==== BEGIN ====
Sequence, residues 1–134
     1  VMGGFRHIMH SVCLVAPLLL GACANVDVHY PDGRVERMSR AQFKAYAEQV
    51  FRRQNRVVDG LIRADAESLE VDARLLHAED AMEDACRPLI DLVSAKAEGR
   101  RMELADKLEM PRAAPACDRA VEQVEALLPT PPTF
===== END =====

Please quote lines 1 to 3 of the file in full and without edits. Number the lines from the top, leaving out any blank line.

Sequence, residues 1–134
     1  VMGGFRHIMH SVCLVAPLLL GACANVDVHY PDGRVERMSR AQFKAYAEQV
    51  FRRQNRVVDG LIRADAESLE VDARLLHAED AMEDACRPLI DLVSAKAEGR